Discover more from Football Archaeology
The Broken Season: Great Lakes Naval Football in 1918
The Great Lakes Naval Training Station football team played through the broken season of 1918. Like all college and service teams that year, the season was upended and split by the scheduling challenges caused by the Student Army Training Corps (SATC) and the Spanish Flu, both described in a previous post. The two events caused the cancellation of hundreds or thousands of games with others played with only a day or two of notice.
The Great Lakes football season was scheduled to start with a game at Iowa on September 29. In the week leading up to the game, hundreds of the 40,000 stationed at Great Lakes died of influenza and hundreds more died the following week. Although the football team was said to have been isolated from the sick, they had moved into their separate barracks only a few days before they entrained for Iowa.
The game at Iowa attracted 4,000 fans, then the largest opening day crowd in Iowa's history and they witnessed a less than stellar game. The Bluejackets of Great Lakes scored on a quarterback scramble in the first quarter and capped off the scoring with a dropkicked field goal in the third stanza to win 10-0.
Great Lakes traveled the following week to play the returning national champion, Pitt, but upon arriving in Pittsburgh, they learned their game was cancelled by health authorities due to the epidemic. However, their game with Illinois the following week was allowed to be played. The Jackies once again went on the road, managing to score a Paul Dobson touchdown on the first drive of the game. That would be the only score of the game and Dobson, the fullback, was transferred to flying school at MIT the following week. He was one of several starters and key reserves to transfer off the base during the football season.
Great Lakes' game with the University of Chicago scheduled for the following Saturday was cancelled due to influenza as was their game with Western Michigan the week after that. However, Northwestern had a bye week and already knew their game the following week was cancelled so they agreed to play Great Lakes on the naval station's new field for a $1,000 guarantee, even though Great Lakes did not charge admission to the game. Great Lakes nixed the admission charge to allow all available sailors to attend and because it was the first Chicago-area football game involving a college team in 1918, despite it being played in late October.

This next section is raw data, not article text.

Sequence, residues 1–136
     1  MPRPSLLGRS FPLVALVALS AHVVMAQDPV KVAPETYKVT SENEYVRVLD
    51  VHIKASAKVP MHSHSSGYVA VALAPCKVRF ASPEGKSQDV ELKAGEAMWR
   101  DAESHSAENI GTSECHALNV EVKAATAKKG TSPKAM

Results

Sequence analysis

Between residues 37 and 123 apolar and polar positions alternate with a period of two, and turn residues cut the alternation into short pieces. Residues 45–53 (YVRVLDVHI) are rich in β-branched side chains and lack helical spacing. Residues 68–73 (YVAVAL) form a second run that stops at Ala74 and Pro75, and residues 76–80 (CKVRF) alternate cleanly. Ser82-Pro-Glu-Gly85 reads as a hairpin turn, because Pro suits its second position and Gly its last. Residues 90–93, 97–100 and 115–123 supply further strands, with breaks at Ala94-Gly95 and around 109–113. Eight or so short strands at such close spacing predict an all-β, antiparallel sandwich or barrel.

The game followed several days of rain resulting in the game being played in a quagmire. Before a crowd of 15,000, both teams struggled to move the ball in the three inches of mud. Forward passes and end runs were largely eliminated from the playbooks and the windy conditions affected the game’s many punts. In the second quarter, a series of line plunges and reverses brought the Jackies to the Northwestern 19-yard line, but Great Lakes failed to move the ball further. On fourth down, Paddy Driscoll was in the process of preparing the ground in front of him for a drop-kicked field goal attempt when the center snapped the ball early. Driscoll barely caught the ball and fell to the ground without attempting the kick.
In the third quarter, Great Lakes again moved the ball into scoring territory, reaching the Purple’s 25-yard line, but erratic play calling left them dependent on another Driscoll field goal attempt. Although Driscoll kicked the ball this time, the ball travelled only 15 yards before dying in the mud. Nothing else of note happened the remainder of the game and the contest ended in a 0-0 tie.
The Jackies' game with St. Louis University was cancelled the following week, but their game with Notre Dame on November 8 went forward. Led by first-year head coach, Knute Rockne, and freshmen George Gipp and Curly Lambeau, the Irish would give Great Lakes all they could handle. We'll cover that game in a future post.
If you enjoyed this article, consider subscribing to my newsletter or check out my books.